OTTAWA, Canada — The 45th annual conference of the Association for Bahá’í Studies (ABS), held last week, brought together over 2,500 people to reflect on their efforts to contribute to a wide variety of areas of thought and discourse.
As was the case last year, the conference, which is usually held at a physical venue, had transferred online because of the pandemic. Julia Berger, the secretary of the Association’s executive committee explains how the ABS took great care in organizing the program to ensure greater participation in sessions.
“Despite some challenges and limitations from not being able to gather in person, the conference featured thought-provoking and lively discussions.
“Many sessions were held in two parts, with the first featuring pre-recorded presentations made available in advance and the second as live sessions during the conference itself, allowing more time for rich discussions.”
The 9-day conference took place at a time when the global Bahá’í community has been preparing to commemorate the centenary of ‘Abdu’l-Bahá’s passing later this year. Titled “In the Footsteps of ʻAbdu’l-Bahá: Contributing to the Discourses of Our Time,” the conference program drew inspiration from His life and work as a champion of social justice and upholder of the principle of the oneness of humanity.
Participants called to mind ‘Abdu’l-Bahá’s unifying approach to contributing to the intellectual and moral life of society. His application of Bahá’í principles to contemporary issues and problems of the age informed discussions as attendees consulted on a wide variety of themes, including the role of journalism in contributing to social progress, the power of film in helping people to overcome prejudices, contemporary efforts to create just and sustainable food systems, and the dual knowledge systems of science and religion as being necessary for the advancement of civilization.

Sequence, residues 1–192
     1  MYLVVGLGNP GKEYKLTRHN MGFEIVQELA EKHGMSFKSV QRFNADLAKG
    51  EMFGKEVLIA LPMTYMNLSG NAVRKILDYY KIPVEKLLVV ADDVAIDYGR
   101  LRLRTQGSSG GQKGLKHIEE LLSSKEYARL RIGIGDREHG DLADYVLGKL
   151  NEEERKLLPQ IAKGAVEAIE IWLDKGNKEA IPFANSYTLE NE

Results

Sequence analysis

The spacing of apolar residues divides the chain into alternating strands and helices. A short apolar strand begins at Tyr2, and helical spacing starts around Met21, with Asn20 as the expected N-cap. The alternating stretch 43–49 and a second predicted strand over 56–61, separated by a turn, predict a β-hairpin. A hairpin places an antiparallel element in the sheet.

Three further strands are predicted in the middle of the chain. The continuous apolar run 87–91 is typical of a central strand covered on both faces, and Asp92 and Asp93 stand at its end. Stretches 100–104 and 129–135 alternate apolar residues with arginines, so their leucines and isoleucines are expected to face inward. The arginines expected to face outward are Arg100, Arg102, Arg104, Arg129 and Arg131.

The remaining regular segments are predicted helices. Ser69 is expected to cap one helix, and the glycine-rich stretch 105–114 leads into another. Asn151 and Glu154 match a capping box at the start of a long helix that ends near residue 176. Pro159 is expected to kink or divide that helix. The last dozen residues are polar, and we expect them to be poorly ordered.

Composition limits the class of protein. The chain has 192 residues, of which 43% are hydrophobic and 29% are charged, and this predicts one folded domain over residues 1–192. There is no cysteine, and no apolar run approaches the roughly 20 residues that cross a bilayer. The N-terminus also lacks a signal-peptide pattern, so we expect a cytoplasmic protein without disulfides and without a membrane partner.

One of the sessions brought together attendees and the directors of the Center on Modernity in Transition (COMIT) to discuss the Centre’s experience with interdisciplinary research on the intellectual foundations of modern society and their possible transformation. The Centre’s work is animated by the idea of modernity as an age of transition toward a future world civilization—one characterized by unprecedented levels of peace, justice, and material and spiritual prosperity.
Speaking about the future of the conferences, Dr. Berger states: “Our hope for the evolution of the conference is that it becomes a punctuation point along a process of learning so that each year participants can explore in-depth Bahá’í teachings, correlate them with perspectives across diverse fields of knowledge, and attempt to apply them to humanity’s current issues and challenges.”
Recordings of selected conference sessions are available online at the ABS website.